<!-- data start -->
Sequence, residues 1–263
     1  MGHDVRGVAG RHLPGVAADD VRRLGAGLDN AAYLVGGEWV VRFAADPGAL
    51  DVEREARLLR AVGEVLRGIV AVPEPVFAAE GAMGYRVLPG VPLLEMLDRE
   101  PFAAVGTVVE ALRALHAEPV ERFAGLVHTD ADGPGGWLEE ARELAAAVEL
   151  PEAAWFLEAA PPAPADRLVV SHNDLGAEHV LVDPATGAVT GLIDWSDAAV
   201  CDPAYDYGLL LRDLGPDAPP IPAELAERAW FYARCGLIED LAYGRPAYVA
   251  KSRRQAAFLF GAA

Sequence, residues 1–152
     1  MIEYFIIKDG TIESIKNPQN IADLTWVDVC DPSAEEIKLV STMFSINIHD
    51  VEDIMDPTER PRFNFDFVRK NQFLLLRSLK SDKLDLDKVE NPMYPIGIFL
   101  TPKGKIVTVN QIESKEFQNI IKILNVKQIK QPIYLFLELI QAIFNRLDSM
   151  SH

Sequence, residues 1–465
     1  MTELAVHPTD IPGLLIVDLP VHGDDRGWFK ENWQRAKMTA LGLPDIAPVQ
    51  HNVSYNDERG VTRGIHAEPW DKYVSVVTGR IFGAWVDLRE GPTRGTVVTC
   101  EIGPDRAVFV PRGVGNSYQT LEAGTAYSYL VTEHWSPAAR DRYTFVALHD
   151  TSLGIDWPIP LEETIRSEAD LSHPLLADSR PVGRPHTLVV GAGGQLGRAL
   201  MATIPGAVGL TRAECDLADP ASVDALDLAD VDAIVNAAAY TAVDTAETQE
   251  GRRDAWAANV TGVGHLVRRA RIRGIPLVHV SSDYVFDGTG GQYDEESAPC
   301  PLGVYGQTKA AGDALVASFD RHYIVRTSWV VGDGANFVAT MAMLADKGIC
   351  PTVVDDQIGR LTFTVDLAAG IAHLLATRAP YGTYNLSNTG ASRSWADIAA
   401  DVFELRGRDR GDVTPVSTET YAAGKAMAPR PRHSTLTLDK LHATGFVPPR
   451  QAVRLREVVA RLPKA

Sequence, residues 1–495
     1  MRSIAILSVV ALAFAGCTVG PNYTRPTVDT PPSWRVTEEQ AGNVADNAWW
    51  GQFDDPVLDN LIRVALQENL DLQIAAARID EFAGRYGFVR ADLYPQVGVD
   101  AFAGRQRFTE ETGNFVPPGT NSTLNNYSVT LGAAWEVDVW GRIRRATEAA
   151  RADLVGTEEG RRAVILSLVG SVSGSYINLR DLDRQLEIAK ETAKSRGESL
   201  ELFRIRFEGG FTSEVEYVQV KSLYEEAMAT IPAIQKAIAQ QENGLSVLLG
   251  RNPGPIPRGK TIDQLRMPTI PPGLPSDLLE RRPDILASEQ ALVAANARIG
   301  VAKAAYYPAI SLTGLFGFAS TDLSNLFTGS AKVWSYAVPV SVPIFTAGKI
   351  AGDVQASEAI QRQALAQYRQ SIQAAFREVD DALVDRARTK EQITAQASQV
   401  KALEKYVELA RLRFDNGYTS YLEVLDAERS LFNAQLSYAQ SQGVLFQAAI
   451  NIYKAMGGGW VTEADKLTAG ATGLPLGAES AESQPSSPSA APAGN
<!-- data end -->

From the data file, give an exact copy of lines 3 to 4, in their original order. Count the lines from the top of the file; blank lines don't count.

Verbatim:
    51  DVEREARLLR AVGEVLRGIV AVPEPVFAAE GAMGYRVLPG VPLLEMLDRE
   101  PFAAVGTVVE ALRALHAEPV ERFAGLVHTD ADGPGGWLEE ARELAAAVEL